Professor of Biochemistry and Biophysics
Light reactions in photosynthesis. Structure and function of photosystem I and the heliobacterial reaction center. Regulation and bioassembly of iron-sulfur clusters in cyanobacteria and plants. Plant and bacterial metalloproteins. Generation using Photosystem I, hydrogenase, and molecular wire technology.
Director of the Center for Structural Biology; Huck Chair of Structural Virology; Professor of Biochemistry and Molecular Biology
Using a structural approach to learn more about viral infectivity, tropism, evolution and pathogenicity. Developing approaches to visualize critical events that cause a break from the regular symmetry of the virus, including packaging of the genome, receptor usage, antibody interactions and uncoating of the viral genome during the final stages of infection.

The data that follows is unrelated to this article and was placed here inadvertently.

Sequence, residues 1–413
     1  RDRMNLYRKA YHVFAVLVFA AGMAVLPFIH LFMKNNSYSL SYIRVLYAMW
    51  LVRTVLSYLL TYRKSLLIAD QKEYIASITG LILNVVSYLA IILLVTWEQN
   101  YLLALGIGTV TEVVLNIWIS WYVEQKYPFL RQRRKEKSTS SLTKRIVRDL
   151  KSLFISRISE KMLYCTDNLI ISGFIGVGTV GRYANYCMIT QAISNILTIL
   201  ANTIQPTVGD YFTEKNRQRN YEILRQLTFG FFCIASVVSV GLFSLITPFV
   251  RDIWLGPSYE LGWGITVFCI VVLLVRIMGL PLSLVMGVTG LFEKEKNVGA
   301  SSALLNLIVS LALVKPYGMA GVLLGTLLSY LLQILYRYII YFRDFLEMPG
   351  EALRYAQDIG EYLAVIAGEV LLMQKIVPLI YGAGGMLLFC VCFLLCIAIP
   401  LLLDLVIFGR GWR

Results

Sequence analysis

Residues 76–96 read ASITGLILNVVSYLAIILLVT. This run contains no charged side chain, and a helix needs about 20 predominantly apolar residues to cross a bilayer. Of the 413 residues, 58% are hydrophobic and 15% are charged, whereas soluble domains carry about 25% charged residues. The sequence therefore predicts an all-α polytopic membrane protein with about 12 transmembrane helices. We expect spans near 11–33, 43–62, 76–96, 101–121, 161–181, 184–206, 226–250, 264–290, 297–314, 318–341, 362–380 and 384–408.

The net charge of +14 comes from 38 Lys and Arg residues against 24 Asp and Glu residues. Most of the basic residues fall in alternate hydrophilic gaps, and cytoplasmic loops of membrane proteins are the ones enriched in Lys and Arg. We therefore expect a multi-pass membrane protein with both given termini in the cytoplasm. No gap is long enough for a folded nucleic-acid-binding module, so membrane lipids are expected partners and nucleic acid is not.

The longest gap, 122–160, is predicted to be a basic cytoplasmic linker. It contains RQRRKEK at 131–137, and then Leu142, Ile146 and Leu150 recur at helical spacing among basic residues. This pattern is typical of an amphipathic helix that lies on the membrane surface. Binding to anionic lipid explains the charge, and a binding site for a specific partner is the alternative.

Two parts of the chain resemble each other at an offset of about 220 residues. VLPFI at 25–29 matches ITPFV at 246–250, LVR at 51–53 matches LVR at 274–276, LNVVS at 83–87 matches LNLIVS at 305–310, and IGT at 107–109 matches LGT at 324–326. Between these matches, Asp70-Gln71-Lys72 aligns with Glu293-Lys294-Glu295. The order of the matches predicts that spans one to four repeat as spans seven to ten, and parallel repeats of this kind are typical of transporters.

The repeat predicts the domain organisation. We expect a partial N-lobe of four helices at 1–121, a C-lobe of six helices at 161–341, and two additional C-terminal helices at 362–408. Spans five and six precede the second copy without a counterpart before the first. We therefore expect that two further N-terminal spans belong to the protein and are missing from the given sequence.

Assistant Professor of Biochemistry & Molecular Biology
Virus-host interactions involved in the pathogenesis of alphaviruses and flaviviruses. Analysis of virus induced structures and cytoskeletal modifications in mammalian host and insect vector using high-resolution live cell imaging and electron microscopy. Viral determinants of neurotropism, encephalitis, transmission and persistence in BSL-3 pathogens.
Associate Professor of Biochemistry & Molecular Biology, Co-Director, Center for Malaria Research
Our laboratory couples molecular parasitology and structural biology to study the malaria parasite (Plasmodium spp.).
Professor of Biochemistry and Molecular Biology
Structural and functional basis of cellulose synthesis. Using Physcomitrella patens and other organisms as model systems, we are learning how plants make cellulose for building new cell wall. The studies use methods of molecular biology and cryoEM to characterize the enzyme as a monomer, and when it assembles into its larger 'Cellulose Synthase Complex '(CSC for short). The aim is to understand cellulose synthesis to explain fundamentals of cell wall biology in plants, and to enable manipulation of its synthesis for applications in fields of bioenergy and materials.
Associate Professor of Biochemistry and Molecular Biology
The mechanisms by which bacteria sense and respond to the environment, as well as how these signaling proteins/pathways affect competition, host colonization, and pathogenesis.